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Inkscape Tutorial: How To Vectorize A Bitmap

by Meemaw

OK, say I'm creating a magazine cover and I just HAVE to use a certain piece of clipart. The problem is, when I enlarge it to the size it needs to be, it gets all fuzzy. For example, maybe I'm doing something for New Year's, and want to use this noise maker clipart:

However, for what I'm doing, it needs to be bigger:

Well, look at it now, kinda grainy and the edges aren't as smooth as the smaller image... is there anything we can do about that? We could vectorize it.

Vectorizing it means that we will convert it from a bitmap to a scalable vector image, which can be resized without losing any quality. Scalable Vector Graphics are defined in a text file rather than with pixels, like many other graphics formats. When you enlarge a pixel graphic (the image up above is a png), the pixels enlarge, which allows the image to lose quality and get grainy. An svg, on the other hand, is described using an xml text file. The text will be exactly the same no matter how big you enlarge the image, so it definitely has advantages.

So, can we convert this grainy thing to an svg? Yes! Let's do it!

Open your image in Inkscape. Select your image, and click Path > Trace Bitmap. You'll see a window like this:

The first time will be a single scan, which will give us a black & white image (just for illustration). Make sure Brightness Cutoff is chosen (and check Live Preview if you want). You might have to play with the settings, but the default is pretty good, or you could go up to 0.500. Click OK. The svg will appear over the original, but I moved it to the right.

The black and white image can be saved as an svg.

(Rats! I wanted a color image!) OK, let's do it again, and do multiple scans. In your Trace Bitmap window, choose Colors down under Multiple scans. Also, at the bottom, uncheck Smooth, as it seems to improve the quality. The selected image on the right is the trace. This can now be saved as an svg.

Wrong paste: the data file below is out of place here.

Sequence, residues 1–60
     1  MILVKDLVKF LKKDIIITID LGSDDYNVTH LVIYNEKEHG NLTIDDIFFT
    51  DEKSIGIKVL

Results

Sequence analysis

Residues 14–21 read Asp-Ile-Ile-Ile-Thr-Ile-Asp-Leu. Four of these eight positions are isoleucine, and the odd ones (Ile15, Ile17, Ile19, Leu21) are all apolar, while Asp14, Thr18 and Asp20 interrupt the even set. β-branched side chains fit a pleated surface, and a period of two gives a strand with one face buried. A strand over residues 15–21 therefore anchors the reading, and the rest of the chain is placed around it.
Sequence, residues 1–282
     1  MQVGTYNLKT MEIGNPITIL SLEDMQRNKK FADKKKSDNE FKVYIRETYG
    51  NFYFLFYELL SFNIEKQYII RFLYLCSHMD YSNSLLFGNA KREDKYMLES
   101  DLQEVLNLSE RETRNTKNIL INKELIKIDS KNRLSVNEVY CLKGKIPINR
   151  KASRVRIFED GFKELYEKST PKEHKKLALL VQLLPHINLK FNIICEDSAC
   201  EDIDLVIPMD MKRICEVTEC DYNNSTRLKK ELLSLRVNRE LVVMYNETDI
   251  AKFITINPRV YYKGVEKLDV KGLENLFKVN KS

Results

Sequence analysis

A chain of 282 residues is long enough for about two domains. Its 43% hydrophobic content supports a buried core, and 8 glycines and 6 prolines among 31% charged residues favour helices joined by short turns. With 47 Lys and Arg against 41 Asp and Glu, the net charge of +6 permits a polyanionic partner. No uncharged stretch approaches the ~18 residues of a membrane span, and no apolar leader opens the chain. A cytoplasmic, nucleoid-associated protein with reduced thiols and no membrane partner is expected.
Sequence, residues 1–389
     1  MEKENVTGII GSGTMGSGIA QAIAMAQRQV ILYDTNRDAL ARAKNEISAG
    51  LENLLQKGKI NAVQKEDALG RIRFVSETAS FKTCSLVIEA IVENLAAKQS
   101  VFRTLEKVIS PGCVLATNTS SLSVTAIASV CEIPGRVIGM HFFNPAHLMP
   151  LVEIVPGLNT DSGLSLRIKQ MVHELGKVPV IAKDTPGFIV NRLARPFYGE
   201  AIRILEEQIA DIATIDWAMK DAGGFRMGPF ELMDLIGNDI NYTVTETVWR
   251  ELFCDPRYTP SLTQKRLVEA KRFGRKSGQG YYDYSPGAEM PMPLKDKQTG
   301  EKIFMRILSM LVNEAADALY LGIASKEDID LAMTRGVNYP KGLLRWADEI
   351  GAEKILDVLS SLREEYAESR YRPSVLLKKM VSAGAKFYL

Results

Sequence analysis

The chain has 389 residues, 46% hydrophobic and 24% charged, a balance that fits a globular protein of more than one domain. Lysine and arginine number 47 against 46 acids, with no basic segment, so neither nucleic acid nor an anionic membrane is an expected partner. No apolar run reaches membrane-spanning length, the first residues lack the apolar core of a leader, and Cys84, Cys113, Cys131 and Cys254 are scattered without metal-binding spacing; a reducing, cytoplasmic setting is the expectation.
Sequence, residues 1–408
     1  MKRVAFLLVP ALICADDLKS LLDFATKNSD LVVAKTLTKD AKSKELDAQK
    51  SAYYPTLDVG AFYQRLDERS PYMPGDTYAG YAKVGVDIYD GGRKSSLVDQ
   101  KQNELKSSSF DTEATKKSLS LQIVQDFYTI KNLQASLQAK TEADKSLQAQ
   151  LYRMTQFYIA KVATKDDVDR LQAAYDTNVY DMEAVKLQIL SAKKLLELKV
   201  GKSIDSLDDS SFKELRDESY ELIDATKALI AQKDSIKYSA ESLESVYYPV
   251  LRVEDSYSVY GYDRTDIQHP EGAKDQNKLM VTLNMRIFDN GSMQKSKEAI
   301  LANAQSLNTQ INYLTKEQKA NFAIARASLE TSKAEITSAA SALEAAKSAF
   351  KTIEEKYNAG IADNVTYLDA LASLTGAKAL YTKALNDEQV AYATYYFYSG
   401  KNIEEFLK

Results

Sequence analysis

Look at the difference when I enlarge them both. The png is on the left. You can see how the png is fuzzy, but the svg isn't.

While the colors aren't exact (probably the person running the program rather than the program itself), they are very close, and the drawing edges are much smoother when the image is enlarged.

While this particular image was fairly easy, I have found a few that are much harder. I think it's a matter of finding the right settings for the image you are using. If your image has a highlight on it, things are a bit harder. I did this globe as well. As you can see, the highlighted area looks choppy now, even with the number of layers increased to 30. I'll have to experiment with the settings more, but it seemed to smooth out when I increased the layers.

I hope this will prove useful to you. I thought it was fun besides. Your newly made svg's can be made as big as you need for your artwork.

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